1. Kennedy, B. M. & Bell, D. (2000). The Cybercultures Reader. United States of America and Canada: Routledge.

2. Silver, D. & Massanari, A. (2006). Critical Cyberculture Studies. New York and United States of America: NYU Press.

Written by Zarrifa

October 22, 2010 at 9:15 am

Posted in Uncategorized

Cinema and Television. (Week 9)

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Cinema and television are the two common media in our lives nowadays. This week post is concerned about the importance of these two media which will bring me to point out their uses. Most of us never actually think about their uses because normally we watch movies in the cinema or programmes in the television in order to seek entertainment, to fill our free times or perhaps to spend our quality time with beloved ones. There will be, of course, other different reasons why people want to watch a particular movie or a television programme depending on their own tastes and interests. Now the real question is, what are the cinema and television studied for?

There are many types of film genre shown in the cinema. Such genres are action-thriller, horror, romantic, animated-romantic, documentary and so forth. There are actually many purposes of these films beside for entertainment. For example, above is a Fahrenheit 9/11 trailer, a film documentary of Michael Moore, which shows the audience the truth behind the 9/11 tragedy. The documentary, also known as Cinéma vérité, is merely a representation of reality, showing different perspectives of the creator. This film is one the most controversial films which have given an impact to the people of the United States of America.

An example of a television programme, on the other hand, is the reality television show, Keeping Up With The Kardashians. This reality program shows the audience their luxurious and glamorous life of the American elite and celebrities. In other words, the show is the representation of the elite and celebrity life. Below is the preview of the Keeping Up With The Kardashians first season. The episodes give the viewers ideas of how the rich and famous live which may influence how the viewers live their life as well.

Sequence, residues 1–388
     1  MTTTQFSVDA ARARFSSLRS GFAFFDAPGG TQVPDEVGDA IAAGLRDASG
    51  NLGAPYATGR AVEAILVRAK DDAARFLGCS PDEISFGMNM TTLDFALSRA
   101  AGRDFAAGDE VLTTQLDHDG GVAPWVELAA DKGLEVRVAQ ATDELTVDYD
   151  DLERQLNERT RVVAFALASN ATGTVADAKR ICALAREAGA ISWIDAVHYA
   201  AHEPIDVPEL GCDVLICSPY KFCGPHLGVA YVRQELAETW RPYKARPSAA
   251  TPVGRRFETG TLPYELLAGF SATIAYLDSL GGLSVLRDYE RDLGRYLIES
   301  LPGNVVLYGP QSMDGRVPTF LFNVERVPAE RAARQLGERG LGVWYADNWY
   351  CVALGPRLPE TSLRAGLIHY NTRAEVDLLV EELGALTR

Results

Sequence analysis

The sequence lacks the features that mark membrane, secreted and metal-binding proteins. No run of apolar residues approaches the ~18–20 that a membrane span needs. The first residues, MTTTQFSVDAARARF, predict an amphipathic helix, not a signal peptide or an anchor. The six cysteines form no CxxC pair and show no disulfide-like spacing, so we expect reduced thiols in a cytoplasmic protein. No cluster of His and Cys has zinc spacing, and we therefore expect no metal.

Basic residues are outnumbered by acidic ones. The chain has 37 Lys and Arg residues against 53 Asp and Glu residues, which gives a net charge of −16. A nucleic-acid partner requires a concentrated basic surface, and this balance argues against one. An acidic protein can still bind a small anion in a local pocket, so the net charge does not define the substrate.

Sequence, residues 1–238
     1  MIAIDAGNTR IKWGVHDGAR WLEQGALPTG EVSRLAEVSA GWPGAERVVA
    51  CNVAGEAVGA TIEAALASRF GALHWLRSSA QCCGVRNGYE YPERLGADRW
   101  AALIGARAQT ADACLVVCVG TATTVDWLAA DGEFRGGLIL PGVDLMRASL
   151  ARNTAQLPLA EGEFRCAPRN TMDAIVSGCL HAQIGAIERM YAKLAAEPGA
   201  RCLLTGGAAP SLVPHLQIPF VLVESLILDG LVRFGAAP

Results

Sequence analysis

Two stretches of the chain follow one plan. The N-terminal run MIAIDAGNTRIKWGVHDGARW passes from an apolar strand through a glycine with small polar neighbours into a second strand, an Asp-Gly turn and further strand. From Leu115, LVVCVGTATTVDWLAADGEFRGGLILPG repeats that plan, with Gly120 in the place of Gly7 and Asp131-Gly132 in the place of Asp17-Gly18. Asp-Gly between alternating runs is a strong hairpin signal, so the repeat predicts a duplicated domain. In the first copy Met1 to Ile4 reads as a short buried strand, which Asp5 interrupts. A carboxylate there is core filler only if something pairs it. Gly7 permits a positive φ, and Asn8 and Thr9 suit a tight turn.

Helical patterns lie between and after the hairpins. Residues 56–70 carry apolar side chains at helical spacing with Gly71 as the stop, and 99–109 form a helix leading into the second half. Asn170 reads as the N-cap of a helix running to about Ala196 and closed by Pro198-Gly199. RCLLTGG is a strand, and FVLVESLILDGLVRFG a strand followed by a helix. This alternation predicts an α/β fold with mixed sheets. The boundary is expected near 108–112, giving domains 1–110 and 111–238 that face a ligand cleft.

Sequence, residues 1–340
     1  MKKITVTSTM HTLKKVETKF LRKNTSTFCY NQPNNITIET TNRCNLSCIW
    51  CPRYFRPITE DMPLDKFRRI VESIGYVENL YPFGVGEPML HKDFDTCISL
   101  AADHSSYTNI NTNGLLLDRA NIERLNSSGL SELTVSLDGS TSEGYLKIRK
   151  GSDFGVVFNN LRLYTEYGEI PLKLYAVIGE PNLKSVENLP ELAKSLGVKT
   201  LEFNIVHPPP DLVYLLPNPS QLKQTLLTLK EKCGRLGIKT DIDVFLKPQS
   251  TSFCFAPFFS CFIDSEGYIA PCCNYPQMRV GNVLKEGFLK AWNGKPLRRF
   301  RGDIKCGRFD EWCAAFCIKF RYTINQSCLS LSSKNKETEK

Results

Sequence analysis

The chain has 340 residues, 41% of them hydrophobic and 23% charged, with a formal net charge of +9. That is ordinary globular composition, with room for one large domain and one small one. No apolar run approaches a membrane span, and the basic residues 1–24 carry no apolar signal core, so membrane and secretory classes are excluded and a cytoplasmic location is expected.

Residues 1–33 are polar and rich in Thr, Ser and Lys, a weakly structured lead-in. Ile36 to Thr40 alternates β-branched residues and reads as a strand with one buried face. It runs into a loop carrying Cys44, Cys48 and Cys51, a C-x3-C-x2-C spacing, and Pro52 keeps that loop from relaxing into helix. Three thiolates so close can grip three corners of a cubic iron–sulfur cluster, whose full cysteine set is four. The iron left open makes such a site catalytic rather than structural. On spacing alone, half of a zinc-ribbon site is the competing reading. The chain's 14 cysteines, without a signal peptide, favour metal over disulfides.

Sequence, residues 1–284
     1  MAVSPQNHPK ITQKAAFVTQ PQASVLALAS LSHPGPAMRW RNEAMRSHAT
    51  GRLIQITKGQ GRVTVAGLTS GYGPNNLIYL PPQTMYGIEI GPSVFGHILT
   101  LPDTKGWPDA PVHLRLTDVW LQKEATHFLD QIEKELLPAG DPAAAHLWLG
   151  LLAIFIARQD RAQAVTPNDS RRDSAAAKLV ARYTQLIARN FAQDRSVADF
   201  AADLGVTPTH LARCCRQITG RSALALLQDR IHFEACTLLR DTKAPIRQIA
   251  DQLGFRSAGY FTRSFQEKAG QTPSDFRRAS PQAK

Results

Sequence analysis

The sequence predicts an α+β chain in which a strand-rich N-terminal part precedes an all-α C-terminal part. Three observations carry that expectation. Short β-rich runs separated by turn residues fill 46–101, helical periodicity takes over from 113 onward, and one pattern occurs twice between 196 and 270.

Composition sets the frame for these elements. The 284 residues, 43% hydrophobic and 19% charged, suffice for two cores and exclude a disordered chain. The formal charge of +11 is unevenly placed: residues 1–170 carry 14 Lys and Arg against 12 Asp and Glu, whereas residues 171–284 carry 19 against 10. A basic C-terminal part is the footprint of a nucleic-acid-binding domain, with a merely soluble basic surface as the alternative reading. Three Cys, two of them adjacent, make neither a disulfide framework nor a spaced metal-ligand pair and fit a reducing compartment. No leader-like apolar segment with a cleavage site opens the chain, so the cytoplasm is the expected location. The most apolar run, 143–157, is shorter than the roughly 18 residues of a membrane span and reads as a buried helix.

We study films and television programmes in order for us to understand and improve how things mean as well as to gain knowledge of cultural life. In other words, we study them for cultural literacy. There are four components in cultural literacy, that include familiarity in which the greater the familiarity the greater the cultural literacy, an ability to negotiate rules and culture, the determining factor and a nuanced understanding of language to perform within discourses and ideologies.

Cultural literacy relies on the time and space. In other words, it depends on the context. This is important for the creators of films or television programmes in order to achieve their expectation on the audience. The context determines a person’s cultural literacy can or cannot be usable. The audience has to understand the representation being shown in the films or television programmes or otherwise, the point will be lost. Now the questions are have you ever wondered why the films and television programmes are shown the way they are shown? Does what is shown really happen in reality? These questions are actually the politics of representation. In other words, they are the struggle over truth-making of the reality.

In conclusion, cinema and television are part of our lives. We study them in order to enhance our cultural understanding and how things mean. We also study them because they can shape the viewers’ identities and perception. They have fundamental impacts to the audience since they are the two types of rhetorical media that can persuade us visually.


1. Hartley, J. (1999). Uses of Television. London and New York: Routledge.

2. Nowlan, B. (2001). Introduction to the Art and Politics of Representation in Film. Retrieved October, 21, 2010, from University of Wisconsin-Eau Claire. Website: http://www.uwec.edu/ranowlan/art_politics.htm

3. Ryan, K. & Cooper, J. M. (2008). Those Who Can, Teach. (pp. 155-156) United States of America: Cengage Learning.

Written by Zarrifa

October 21, 2010 at 9:00 am

Posted in Uncategorized

Photography. (Week 8)

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Have you ever asked yourself why exactly do you want to take pictures for? Personally, my reason will be it is because by taking pictures of that specific moment is the closest way to feel how I felt during the moments were captured. In other words, photography has the ability to capture the past and present in which creates nostalgia and  envisions a sanitized and romanticized past. Photography is more than just freezing the time and space. It has several functions that actually play a role in our lives. Nowadays, we can see that photography is pretty much everywhere. Therefore, here, I will talk about its functions and how it can be considered as cultural critique.